Defendants have moved for summary judgment, making the following arguments: (1) Officers Perry and Henson did not use excessive force against Plaintiff, but instead their actions were reasonable given the circumstances; (2)the City cannot be liable because Plaintiff has failed to produce evidence to show it was deficient in its training policies or that there had been prior allegations of misconduct against Officers Perry and Henson; (3) Officers Perry and Henson are entitled to qualified immunity from liability for their actions; (4) Officers Perry and Henson had reasonable grounds to arrest and imprison Plaintiff; (5) Officers Perry and Henson neither intended nor did they have knowledge of the probability that their conduct caused Plaintiff severe emotional distress; and (6) the City is immune from liability for punitive damages and the Officers' conduct did not rise to the level of willful and wanton behavior to justify punitive damages (Doc. 28).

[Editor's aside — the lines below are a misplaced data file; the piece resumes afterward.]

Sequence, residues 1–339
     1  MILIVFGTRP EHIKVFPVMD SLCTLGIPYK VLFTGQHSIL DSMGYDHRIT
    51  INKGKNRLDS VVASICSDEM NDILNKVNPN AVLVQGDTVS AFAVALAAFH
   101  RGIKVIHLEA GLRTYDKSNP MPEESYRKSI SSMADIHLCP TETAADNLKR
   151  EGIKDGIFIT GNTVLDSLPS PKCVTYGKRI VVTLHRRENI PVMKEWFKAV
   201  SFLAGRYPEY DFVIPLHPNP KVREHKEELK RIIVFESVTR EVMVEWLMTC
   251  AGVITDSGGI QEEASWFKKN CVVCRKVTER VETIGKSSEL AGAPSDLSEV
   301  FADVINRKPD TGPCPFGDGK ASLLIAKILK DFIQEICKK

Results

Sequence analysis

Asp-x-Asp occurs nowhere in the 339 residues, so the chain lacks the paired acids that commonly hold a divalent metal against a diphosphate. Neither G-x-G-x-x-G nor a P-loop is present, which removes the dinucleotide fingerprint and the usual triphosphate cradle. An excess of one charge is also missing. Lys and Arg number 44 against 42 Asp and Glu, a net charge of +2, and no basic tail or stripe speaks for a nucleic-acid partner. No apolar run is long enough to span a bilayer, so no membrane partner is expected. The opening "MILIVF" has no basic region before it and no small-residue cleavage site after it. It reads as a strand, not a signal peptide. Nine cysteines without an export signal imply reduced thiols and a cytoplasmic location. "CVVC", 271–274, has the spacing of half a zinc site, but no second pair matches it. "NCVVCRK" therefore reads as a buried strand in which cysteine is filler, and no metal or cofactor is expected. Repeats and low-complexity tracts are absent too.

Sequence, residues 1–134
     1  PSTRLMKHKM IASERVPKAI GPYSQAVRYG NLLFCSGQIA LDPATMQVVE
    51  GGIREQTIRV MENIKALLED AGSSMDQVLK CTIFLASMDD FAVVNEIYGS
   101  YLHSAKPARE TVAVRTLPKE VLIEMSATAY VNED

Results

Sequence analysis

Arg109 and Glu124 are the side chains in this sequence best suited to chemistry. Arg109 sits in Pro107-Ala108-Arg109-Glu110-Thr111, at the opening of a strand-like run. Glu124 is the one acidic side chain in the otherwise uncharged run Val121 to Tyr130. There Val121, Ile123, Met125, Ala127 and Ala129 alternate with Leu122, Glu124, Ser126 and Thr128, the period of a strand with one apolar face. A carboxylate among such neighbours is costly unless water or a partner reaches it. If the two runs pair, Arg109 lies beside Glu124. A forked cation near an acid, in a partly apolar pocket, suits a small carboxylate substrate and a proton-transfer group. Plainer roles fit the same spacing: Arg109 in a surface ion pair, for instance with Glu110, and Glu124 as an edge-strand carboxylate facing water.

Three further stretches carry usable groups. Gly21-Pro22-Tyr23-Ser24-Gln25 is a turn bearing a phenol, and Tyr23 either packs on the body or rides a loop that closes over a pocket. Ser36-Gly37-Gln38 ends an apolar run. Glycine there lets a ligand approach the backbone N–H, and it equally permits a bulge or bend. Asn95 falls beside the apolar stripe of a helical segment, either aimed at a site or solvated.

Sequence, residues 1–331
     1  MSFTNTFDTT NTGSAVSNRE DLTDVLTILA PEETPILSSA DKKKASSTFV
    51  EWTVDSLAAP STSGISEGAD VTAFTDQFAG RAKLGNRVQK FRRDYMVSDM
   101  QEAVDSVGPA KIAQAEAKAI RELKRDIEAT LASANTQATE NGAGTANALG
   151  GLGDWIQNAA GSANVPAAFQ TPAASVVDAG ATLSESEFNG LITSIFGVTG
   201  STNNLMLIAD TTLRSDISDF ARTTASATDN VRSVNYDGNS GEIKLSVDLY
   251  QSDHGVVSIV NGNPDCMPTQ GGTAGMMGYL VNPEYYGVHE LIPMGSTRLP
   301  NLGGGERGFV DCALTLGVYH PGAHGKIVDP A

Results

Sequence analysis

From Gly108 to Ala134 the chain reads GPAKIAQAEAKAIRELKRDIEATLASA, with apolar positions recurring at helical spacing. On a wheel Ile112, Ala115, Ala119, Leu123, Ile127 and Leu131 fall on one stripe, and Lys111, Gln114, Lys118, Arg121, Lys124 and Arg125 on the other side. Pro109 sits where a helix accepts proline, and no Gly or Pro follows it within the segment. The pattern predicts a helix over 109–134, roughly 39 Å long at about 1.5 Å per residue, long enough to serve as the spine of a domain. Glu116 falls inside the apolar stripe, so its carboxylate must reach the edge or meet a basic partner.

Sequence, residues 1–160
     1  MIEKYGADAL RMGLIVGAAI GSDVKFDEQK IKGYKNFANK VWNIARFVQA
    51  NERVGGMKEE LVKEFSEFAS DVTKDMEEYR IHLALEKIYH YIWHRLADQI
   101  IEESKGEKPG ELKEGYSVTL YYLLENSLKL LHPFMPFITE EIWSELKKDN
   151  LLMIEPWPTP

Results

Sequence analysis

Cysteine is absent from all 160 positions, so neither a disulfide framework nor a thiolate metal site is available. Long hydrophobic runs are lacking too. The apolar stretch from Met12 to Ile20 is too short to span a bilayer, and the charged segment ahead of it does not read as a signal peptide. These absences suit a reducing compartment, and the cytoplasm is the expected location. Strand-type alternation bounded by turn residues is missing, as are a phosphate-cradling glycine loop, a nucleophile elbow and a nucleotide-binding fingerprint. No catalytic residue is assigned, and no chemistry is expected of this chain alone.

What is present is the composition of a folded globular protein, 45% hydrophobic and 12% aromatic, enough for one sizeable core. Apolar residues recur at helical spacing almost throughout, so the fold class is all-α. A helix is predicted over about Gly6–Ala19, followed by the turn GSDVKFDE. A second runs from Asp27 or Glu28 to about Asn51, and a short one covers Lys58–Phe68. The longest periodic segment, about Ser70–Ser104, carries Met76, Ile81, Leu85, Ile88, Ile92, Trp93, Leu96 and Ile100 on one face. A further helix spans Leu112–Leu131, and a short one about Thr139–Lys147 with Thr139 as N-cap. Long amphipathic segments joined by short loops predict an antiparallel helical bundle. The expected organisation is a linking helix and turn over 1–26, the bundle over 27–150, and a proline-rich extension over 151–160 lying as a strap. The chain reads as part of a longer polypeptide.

Defendants' version of the facts differ substantially from Plaintiff's allegations. Defendants' substantiate their factual account from the deposition testimony of both Officers Perry and Henson, attached as Exhibits A and B to Defendants' memorandum in support of their Motion for Summary Judgment (Doc. 28). Defendants claim they were both on patrol the early morning of September 8, 2001, in East St. Louis, Illinois. Officer Perry was parked in his patrol car facing east, talking to Officer Henson, who was parked in his patrol car next to Officer Perry and facing west on Lawrence Avenue. Officer Perry claims he then spotted Plaintiff running to the right side of a house*fn1 carrying a plastic shopping bag in each hand (Doc. 28, p. 2, Ex. A, p. 63). Officer Perry then got out of his patrol car and approached Plaintiff, asking for identification (Id.). Officer Henson followed (Id.). Plaintiff responded "I ain't got to tell you guys shit," and refused to produce his identification (Id., Ex. A, p. 64). Officer Perry recalled that he smelled alcohol on Plaintiff's breath (Id). Again, Officer Perry claims he asked Plaintiff to come down from the patio and walk around to the front of the house to verify his identity, to which Plaintiff again responded "I ain't got to tell you all shit" (Id.). Officer Perry recalled Plaintiff then tried to push past him and run, but he stumbled and fell down the steps to the ground, face-first (Id. and Ex. B, p. ).